This issue of Studies in the Bible and Antiquity marks five years of publication, which we at the Maxwell Institute are celebrating as a modest milepost of success. This success belongs foremost to our authors. It took us three years to assemble our first issue (2009), and we recognize the faith those first authors showed in entrusting a new publication with their research. But in committing thereafter to an annual publication, we wondered if we could maintain on a yearly basis the high standard set by that first issue. We believe that we have, for which we again thank our talented and willing contributors.
But many others have generously labored on behalf of Studies. We thank especially our advisory board members, who have contributed articles, advice, and peer review. Securing quality peer review is a major challenge for every academic journal, so we thank too the many additional peer reviewers who have assisted our authors and improved our journal. And giving due credit to our own, we thank all the editors, interns, and other academic and administrative staff at the Maxwell Institute who assist in producing and distributing Studies. Their collegiality has proven inexhaustible and their professionalism is exemplary.
This fifth issue of Studies is a milepost, but also a turning point, since it will be the last under the editorship of its founder, Professor Brian Hauglid. It exists because of his initiative and has flourished under his leadership. His service to the Maxwell Institute will continue in his new appointment as director of the Laura F. Willes Center for Book of Mormon Studies. With that Brian will also assume (in 2014) the editorship of the Journal of Book of Mormon Studies, which assignment will not permit his continued editorship of Studies. We invite you to check our website or follow us on Facebook and Twitter for further announcements on the editorships of both these publications.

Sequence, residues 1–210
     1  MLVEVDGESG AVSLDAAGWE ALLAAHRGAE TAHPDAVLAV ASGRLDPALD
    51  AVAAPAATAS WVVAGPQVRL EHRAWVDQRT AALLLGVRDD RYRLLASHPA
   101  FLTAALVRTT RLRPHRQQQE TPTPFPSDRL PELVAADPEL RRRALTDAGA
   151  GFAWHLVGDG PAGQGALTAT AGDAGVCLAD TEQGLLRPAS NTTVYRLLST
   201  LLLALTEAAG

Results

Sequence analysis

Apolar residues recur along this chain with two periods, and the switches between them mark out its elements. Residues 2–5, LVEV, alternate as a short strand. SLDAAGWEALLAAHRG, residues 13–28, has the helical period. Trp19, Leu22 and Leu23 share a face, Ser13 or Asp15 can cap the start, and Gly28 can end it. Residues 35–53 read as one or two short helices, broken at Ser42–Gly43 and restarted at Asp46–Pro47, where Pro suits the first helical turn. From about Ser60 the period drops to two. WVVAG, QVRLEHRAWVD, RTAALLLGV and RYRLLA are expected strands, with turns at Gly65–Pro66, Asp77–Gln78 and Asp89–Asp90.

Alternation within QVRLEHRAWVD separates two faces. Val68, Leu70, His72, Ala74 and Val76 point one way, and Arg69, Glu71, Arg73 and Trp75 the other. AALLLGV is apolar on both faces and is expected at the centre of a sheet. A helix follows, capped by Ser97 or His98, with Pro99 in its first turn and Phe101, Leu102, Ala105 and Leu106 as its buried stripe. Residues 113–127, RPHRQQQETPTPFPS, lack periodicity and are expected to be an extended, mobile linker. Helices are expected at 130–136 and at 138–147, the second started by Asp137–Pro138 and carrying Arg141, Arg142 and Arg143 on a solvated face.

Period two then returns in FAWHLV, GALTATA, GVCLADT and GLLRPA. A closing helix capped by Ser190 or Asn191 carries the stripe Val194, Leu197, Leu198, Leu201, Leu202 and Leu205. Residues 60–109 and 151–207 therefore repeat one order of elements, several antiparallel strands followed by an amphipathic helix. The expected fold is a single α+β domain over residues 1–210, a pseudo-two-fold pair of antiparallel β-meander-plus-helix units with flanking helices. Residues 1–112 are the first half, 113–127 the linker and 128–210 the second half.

Since this issue is both a milepost and a turning point, that may permit us a little retrospection. So this is how Studies started: On the initiative of Brian Hauglid, discussions began in May 2004 concerning the future of the FARMS Occasional Papers series. He regarded this series as very important among institute publications because of both its flexible topicality and uncompromising academic orientation. Admittedly, this orientation might mean that few but scholars read it. But this commitment to “scholars writing for scholars” permitted Occasional Papers to publish a wide-ranging selection of specialized work on religion in antiquity. Between 2000 and 2007 it published three monographs and two collections of studies on diverse subjects.
In October 2006, as the latest volume of Occasional Papers was readied for press, Brian Hauglid, Larry Morris, and Carl Griffin proposed that Studies in the Bible and Antiquity: A Maxwell Institute Occasional Publication should be its next iteration. As the title indicated, its focus was to become, first of all, the study of the Bible—the first institute series with such a focus—though without unduly restricting Occasional Papers‘ broader interest in religious antiquity. This proposal was accepted by the institute’s executive director, Professor Andrew Skinner. Brian Hauglid was appointed editor and Larry Morris associate editor (replaced by Carl Griffin in 2008). In the three years intervening between proposal and publication, the institute made one significant change to the original prospectus. Studies would become a third institute journal and be published to the same readership as its sibling periodicals—in other words, to both specialist and nonspecialist readers.
Publishing a journal that serves both of these readerships equally well is perhaps not possible, but we have more than 30 years of institutional experience in navigating the challenges that a diverse readership presents. And we would not have it any other way. The Maxwell Institute regards it as part of its mission, as a BYU research unit, to publish religious scholarship for the broader university community, both students and faculty. The core readership of Studies is therefore comprised of interested and motivated nonspecialists, or what Jane Heath has called “the scholarly public.” In our case, we would say particularly the scholarly Mormon public.